June 24, 2018
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Senior League World Series organizers relish tourney success, plan for future

Linda Coan O'Kresik | BDN
Linda Coan O'Kresik | BDN
Maine's Dennis Farnham (12) gets a high five from teammate Joey Moir after bringing in a run in the sixth inning of their Senior League World Series game against Canada on Aug. 10. Maine District 3 won 7-2.
By Larry Mahoney, BDN Staff

BANGOR, Maine — The 13th consecutive Senior League World Series held at Bangor’s Mansfield Stadium was a success, according to tournament director Mike Brooker and stadium manager Dave Mansfield.

“The gate was a little better than average, and the souvenir sales were where we projected they would be,” Brooker said. “And the teams represented the best behaved group we have ever had here. There weren’t any problems.

“Overall, it went pretty well,” he added.

Mansfield oversees the concessions and said concession sales were “great.”

One of the things that helps the tourney financially is if the local team does well. That is felt at the box office, concession stand and the souvenir counter.

District 3 champ Bangor became the first District 3 team to win its pool and go 4-0. That sent Bangor into the semifinals, where eventual champion West University from Houston used a six-run sixth-inning rally to eliminate them, 7-0.

West University then beat Willemstad, Curacao, 7-4, in the championship game.

“That was a great accomplishment by our local team. They certainly exceeded expectations,” Brooker said. “It is a great thing for the area. It is starting to raise the level of baseball in the community.”

And the crowds turned out to support Bangor.

District 3 teams have now gone 12-10 over the past five seasons, including Bangor’s 4-2 record in 2010, when it reached the championship game. The district champs had gone 6-26 from 2002-09.

“When Bangor reached the championship game in 2010, that was a tremendous boon to us at the gate,” Brooker said. “That was, by far, our largest gate. … This year, because the team went 4-0 and reached the semifinals, we may make a little profit to carry over (to future SLWS).”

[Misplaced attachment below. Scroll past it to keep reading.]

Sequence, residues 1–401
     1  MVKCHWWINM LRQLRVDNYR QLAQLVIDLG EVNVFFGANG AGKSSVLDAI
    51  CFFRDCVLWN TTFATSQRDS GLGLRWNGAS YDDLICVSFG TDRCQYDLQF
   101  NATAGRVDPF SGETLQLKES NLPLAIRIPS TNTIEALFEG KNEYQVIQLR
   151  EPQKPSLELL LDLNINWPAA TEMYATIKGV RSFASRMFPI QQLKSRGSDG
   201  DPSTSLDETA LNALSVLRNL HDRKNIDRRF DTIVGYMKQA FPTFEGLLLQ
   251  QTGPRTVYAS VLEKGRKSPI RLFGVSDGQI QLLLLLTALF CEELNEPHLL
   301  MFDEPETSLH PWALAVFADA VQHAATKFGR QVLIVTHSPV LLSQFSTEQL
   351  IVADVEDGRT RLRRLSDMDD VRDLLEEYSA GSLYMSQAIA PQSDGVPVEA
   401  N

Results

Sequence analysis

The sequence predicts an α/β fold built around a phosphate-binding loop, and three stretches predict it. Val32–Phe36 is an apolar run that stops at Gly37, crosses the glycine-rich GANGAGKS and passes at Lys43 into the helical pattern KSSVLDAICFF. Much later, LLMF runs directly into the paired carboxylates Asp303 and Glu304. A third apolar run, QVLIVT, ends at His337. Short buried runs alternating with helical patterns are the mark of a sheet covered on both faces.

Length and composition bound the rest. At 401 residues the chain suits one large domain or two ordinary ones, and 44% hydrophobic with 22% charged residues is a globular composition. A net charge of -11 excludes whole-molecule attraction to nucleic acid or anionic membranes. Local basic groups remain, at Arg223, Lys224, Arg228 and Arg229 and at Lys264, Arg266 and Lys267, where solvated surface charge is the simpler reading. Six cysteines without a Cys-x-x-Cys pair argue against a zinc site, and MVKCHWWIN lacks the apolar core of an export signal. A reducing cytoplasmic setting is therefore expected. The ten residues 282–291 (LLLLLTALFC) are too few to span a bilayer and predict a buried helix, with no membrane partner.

On the negative side, Brooker mentioned that “sponsorship declined a little bit, so we’ll probably have to be a little more aggressive in fundraising in the future.”

Brooker said it costs approximately $175,000 to run the tournament, of which $110,000-115,000 falls on the sponsoring groups: Bangor West Side Little League, District 3 and the Mansfield Stadium committee.

“Little League pays for their transportation to Bangor, and they share the hotel expenses with us. We pay for their transportation while they’re here, we pay for the banquet and the awards and we pay for the tent, which is where we feed them at the ballpark,” Brooker said.

The tent located next to the stadium has a variety of souvenir stands, and the Penobscot Job Corps staff cooks for the players.

“[Penobscot Job Corps] takes real good care of the kids,” Mansfield said.

Brooker said they annually receive a call from Little League headquarters, asking if they would like to host it again.

“My belief is that it will continue in Bangor as long as the Bangor West Side Little League, District 3 and Mansfield Stadium wants to hold it,” Brooker said.

They do, but there also will be discussion among the sponsoring group pertaining to the future of the SLWS.

Ron St. Pierre, the field maintenance manager, said it is time to replace the field’s 128 1,500-watt bulbs with LED bulbs.

Brooker and St. Pierre said they are looking to expand the press box.

Leaks in the stadium will need to be plugged, also.

The game times of the semifinals — 11:30 a.m. and 2:30 p.m. — may also be examined.

The games are scheduled at those times Friday so the teams can attend the banquet at the Cross Insurance Center later that night, but it’s tough for people to leave work on a Friday afternoon.

If the games started at 5 and 7:30 p.m., they would attract bigger crowds, but it would force them to eliminate or change the time of the banquet.

Mansfield noted that when he was involved with Bangor West Little League teams that played in the Northeast Regionals, the banquet was held on the Friday before the tournament started.

But the problem with that is some teams don’t even qualify for the SLWS until a few days before the tournament, so getting them to Bangor in time for the banquet could be problematic.

Brooker mentioned the possibility of having the banquet at noon Friday, so the games could be switched to night.

The problem with 5 and 7:30 games is it doesn’t allow any wiggle room to reschedule if it rains.

The championship game Saturday needs to start at 2:07 p.m., as is mandated by ESPN, which televises the game on some of its networks.

The Senior League World Series is one of the area’s most significant events through the national and international attention it receives. It also generates revenue for the community.

The community embraces the tourney to an extent. They support the local team and will turn out for the semifinals and final, but few fans turn out for a 10 a.m. game between Italy and Saipan.

However, one thing competitors and their family members frequently mention is how well they are treated in Bangor, where the volunteerism is exceptional and the field is always in tip-top shape.


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